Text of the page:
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by Donna Andrews
Minotaur, October 2021
312 pages
ISBN: 1250760186

Buy in the UK | Buy in Canada

Meg Langslow is quietly relaxing in her kitchen, resting her sprained ankle, before starting what she knows will be a very busy day. Then the wombats get loose in the basement. Meg was not aware that there were wombats in the basement. Her brother Rob, just back from Florida, attempts to explain: Grandfather, aka Dr. J. Montgomery Blake, wants to study their biofluorescence, and which variables affect it. Grandfather is already in hot water with Meg for installing Roderick Castlemayne, a notoriously irascible and difficult to work with wildlife artist, in their library so he can continue working on the bird paintings for an upcoming book. Hence the three northern mockingbirds (and potentially a dozen blue jays) loose in the house, requiring head gear for all humans so nobody gets Mimus polyglottos poop on their pate.

Meg is understandably and totally over having Roderick at her house; admirers and haters, including an ex-wife or two, keep showing up at her door because of him. Not all of them are polite. There is also the basically non-stop stream of friends and relatives coming to move in for the holidays, drop things off for various and sundry celebrations, the local reporter wanting a story about the artist, and the like. Brother Rob and his fiancée want to get married in the middle of the annual New Year's Eve party, which will NOT sit well with the mothers. Delaney's mother Holly McKenna shows up to connive with Rob's mother. There's a blizzard. In the middle of all of this chaos, and there's more to be had, Roderick Castlemayne is killed in the library. There is a surfeit of suspects; Meg desperately tries to sort it all out before even more disasters strike.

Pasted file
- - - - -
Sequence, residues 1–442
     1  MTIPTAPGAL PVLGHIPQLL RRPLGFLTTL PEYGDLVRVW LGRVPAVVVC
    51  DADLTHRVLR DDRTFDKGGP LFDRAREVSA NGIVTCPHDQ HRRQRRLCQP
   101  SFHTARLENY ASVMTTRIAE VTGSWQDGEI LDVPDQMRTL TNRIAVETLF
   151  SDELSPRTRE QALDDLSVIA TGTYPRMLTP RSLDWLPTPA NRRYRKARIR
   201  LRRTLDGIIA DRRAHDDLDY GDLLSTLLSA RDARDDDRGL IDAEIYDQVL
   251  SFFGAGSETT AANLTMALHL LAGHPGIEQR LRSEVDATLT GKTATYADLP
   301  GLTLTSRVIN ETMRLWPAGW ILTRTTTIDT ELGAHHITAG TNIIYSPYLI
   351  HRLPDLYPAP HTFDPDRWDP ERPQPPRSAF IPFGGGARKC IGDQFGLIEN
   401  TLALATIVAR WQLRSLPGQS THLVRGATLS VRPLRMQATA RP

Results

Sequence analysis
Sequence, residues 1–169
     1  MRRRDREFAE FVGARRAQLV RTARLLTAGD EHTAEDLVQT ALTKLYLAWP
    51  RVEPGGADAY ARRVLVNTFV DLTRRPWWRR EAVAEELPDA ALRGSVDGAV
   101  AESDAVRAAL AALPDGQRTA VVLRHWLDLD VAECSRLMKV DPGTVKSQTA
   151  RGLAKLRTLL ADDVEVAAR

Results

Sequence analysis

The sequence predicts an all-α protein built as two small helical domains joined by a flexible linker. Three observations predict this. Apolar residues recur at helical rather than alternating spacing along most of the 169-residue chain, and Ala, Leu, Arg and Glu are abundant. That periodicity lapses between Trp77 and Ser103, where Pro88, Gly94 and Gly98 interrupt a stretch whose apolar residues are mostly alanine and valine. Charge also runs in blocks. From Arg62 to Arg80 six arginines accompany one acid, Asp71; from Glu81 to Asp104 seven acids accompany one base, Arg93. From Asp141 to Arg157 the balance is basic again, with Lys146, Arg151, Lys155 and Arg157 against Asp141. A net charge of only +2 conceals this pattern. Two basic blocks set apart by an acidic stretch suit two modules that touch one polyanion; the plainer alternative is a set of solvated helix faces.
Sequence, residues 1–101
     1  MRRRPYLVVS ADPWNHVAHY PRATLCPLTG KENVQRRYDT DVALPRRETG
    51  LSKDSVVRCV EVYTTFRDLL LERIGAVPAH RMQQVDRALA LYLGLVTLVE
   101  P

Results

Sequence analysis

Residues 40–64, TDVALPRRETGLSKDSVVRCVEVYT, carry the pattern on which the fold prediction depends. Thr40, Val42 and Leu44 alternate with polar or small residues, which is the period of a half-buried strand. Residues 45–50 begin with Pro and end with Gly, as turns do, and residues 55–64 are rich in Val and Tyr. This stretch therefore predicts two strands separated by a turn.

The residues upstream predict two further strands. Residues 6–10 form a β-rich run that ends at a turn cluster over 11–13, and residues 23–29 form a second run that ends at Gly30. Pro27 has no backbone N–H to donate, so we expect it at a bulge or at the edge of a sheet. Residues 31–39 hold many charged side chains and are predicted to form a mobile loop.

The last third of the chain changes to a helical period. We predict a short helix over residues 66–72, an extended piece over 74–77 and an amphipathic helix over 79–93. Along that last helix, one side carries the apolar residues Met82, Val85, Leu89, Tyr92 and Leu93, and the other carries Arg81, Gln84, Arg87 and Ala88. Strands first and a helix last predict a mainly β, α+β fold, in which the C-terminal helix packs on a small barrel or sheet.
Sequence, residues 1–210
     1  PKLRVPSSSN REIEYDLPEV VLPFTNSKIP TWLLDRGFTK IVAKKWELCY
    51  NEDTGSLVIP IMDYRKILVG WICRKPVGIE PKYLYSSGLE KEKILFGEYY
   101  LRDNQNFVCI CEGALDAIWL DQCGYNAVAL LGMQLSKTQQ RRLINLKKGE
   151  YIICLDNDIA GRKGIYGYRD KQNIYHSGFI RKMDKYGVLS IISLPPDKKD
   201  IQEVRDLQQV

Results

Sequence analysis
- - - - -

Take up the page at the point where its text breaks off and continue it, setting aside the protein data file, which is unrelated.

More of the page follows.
While it is not vital that one read this series in order (this being the 33rd entry), one must say that it helps in terms of keeping track of characters and relationships. Meg meets her husband in the first book, and their twins are now around fifteen. A lot has happened.

Andrews is noted for her humor, some of which can be quite subtle. There are laugh-out-loud moments in JAYS, and moments when one just grins to oneself and keeps reading. The plot is nothing out of the ordinary; it is the writing that keeps one interested, not the solving of the crime. Little is made in this book of Meg's skills as a blacksmith and designer of ornamental features; there are others in the series where this is far more important. Donna Andrews fans will not be disappointed in this book, and it's not a bad introduction to the series for people who enjoy a mystery with minimal violence and lots of fun.

§ I have been reading and reviewing mystery fiction for over a quarter of a century and read broadly within just about all genres and sub-genres. I live in Northern lower Michigan with my spousal unit, one large cat, and 2 fairly small dogs.

Reviewed by P.J. Coldren, October 2021

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Contact: Yvonne Klein (ymk@reviewingtheevidence.com)

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